3484. Robert Southey to Edith Southey, [19 May 1820]

3484. Robert Southey to Edith Southey, [19 May 1820]⁠* 

My dear Edith

I breakfasted at Rickmans this morning, & your letter arrived just as I was going away. So I obtained a frank tho it is not possible for me to write more than a few hasty lines. You will course let me hear frequently concerning the children, – meantime I shall make myself as easy as I can, & thank God that one of them has past safely thro the disease. [1] 

The half years annuity to poor Wilsey is returned in my hands, – & five pounds towards the liquidation of Hartleys claims. [2]  For the latter I have Tolsons authority, [3]  – for the former Turners, – it is a clear point of law. – About my own law affairs Wynn & Turner & myself are to confer when we can meet with convenience to all three. [4]  I am not sanguine on this score, – but in other things I am going on very prosperously. I have promised to write the Book of the Church [5]  forthwith tempted by Murrays offer of 500£ for it. & I am engaging for a series of biography in six such volumes as Wesley for which I shall have 3000. [6]  Besides this Longman offers 1500£ for Oliver Newman, [7]  – but I require more. So you will roll.

The Bp of London told me I had rendered an important service to our ecclesiastical history by writing the Life of W & that between the two dangers of seducing people to Methodism by setting its good points in too alluring a light, & of wounding religion by treating its extravagancies & follies with too much levity, I had steered clear with great discretion.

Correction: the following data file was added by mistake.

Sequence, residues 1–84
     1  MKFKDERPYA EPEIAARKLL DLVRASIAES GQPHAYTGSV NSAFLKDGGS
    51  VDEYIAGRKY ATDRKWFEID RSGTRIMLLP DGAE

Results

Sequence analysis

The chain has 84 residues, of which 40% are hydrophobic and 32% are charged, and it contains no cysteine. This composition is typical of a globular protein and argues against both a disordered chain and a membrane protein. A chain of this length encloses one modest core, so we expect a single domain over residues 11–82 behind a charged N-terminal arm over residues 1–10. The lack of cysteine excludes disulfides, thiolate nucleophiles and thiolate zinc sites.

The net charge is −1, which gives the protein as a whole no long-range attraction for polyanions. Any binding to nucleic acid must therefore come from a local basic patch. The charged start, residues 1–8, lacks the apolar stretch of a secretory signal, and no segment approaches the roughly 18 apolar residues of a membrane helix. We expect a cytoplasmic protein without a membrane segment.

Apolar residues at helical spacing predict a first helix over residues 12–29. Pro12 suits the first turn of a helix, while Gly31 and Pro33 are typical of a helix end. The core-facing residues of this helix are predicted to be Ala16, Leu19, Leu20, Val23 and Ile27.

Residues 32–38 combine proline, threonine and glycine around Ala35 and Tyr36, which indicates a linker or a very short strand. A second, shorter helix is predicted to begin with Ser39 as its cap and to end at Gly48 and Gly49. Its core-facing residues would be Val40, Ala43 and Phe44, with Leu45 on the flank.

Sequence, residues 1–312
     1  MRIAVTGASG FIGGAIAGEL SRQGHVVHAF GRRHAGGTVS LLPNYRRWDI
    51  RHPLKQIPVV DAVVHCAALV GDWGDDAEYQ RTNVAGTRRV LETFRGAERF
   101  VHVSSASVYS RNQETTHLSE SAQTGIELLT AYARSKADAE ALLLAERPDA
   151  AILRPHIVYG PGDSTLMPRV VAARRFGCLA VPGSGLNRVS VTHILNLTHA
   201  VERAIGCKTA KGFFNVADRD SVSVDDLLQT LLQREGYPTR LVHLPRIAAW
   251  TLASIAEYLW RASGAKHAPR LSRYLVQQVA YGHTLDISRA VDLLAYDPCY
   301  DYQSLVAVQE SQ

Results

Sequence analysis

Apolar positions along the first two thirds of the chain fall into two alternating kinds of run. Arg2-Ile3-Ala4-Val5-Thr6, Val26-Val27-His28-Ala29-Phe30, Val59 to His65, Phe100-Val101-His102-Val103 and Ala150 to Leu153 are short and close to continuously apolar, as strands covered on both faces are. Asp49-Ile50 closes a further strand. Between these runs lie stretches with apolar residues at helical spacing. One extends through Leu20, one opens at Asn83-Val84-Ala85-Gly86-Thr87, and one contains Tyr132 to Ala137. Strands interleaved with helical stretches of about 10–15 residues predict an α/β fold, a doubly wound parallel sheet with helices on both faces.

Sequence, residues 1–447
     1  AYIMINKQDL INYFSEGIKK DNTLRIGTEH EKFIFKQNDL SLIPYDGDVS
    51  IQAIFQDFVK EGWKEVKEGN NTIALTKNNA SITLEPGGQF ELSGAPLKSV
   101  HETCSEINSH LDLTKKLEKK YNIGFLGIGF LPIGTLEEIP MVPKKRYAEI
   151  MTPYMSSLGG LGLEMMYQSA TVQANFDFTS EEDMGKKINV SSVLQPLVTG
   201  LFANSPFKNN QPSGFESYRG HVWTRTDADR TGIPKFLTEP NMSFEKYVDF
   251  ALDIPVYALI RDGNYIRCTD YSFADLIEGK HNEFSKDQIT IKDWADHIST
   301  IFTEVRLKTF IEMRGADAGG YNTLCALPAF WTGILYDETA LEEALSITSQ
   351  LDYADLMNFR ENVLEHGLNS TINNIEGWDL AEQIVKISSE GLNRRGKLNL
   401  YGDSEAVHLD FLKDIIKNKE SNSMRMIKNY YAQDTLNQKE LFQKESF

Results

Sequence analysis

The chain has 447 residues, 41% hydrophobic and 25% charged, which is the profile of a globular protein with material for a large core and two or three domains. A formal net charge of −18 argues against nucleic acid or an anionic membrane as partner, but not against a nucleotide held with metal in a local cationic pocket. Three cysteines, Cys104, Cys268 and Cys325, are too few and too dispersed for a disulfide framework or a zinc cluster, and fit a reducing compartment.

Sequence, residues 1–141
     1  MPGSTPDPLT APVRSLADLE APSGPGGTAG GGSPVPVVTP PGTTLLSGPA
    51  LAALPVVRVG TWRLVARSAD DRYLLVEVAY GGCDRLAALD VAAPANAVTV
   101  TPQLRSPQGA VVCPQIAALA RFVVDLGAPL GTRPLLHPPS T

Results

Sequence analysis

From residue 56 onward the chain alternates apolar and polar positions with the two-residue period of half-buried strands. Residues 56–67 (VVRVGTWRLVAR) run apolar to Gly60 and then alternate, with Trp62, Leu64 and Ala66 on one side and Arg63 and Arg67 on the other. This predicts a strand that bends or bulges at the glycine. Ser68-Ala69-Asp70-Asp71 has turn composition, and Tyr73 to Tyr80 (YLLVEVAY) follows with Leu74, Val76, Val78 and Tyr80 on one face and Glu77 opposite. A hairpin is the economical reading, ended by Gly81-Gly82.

The Bp of Durham [8]  also complimented me upon it in high terms. How the Methodists take it I do not know. But the book is much liked where I could wish it to be liked, & has made the booksellers plainly feel the weight of my reputation.

Tomorrow I go to Streatham & do not return to town till Wednesday.

If King had not been called away he was to have given me a prescription for Edith. Here is one upon the joint advice of her Uncle & Gooch who are in the room.

two grains of corrosive sublimate [9]  to half a pint of milk of almonds. with this wash the pimples with a spunge three times a day. – Syringe Bells ear with tepid milk & water.

God bless you


I have bought another book – to be sent when I come back to town


* MS: British Library, Add MS 47888. ALS; 2p.
Dating note: Dating from content; this letter was written on 19 May 1820 and Southey left for Streatham the following day. BACK

[1] The measles, a disease that worried Southey greatly, as his sister Eliza had died from it. BACK

[2] Under the terms of William Jackson’s will a number of annuities were charged on the Greta Hall estate. The annuity to Mrs Wilson had lapsed with her death. BACK

[3] Samuel Tolson, Jnr (dates unknown), a commission agent in Liverpool and the owner of Greta Hall since 1815. BACK

[4] The death of John Southey Somerville, 15th Lord Somerville (1765–1819; DNB), agricultural reformer and Southey’s third cousin, on 5 October 1819 had produced a further round of legal tangles over the Fitzhead estate in Somerset, which Somerville had inherited and on which Southey felt he had some claim. However, a legal opinion that Southey had received on the matter was not very hopeful; see Southey to Charles Watkin Williams Wynn, 28 March 1820, Letter 3459. BACK

[5] The Book of the Church (1824). BACK

[6] Southey’s The Life of Wesley; and the Rise and Progress of Methodism (1820). The proposed series of lives did not materialise. BACK

[7] Southey’s unfinished epic, set in New England. The completed sections were published after Southey’s death in Oliver Newman: A New-England Tale (Unfinished): With Other Poetical Remains (London, 1845), pp. 1–90. BACK

[8] Shute Barrington (1734–1826; DNB), Bishop of Durham 1791–1826. BACK

[9] An antiseptic made up of mercury and chloride. BACK

Places mentioned

Streatham (mentioned 1 time)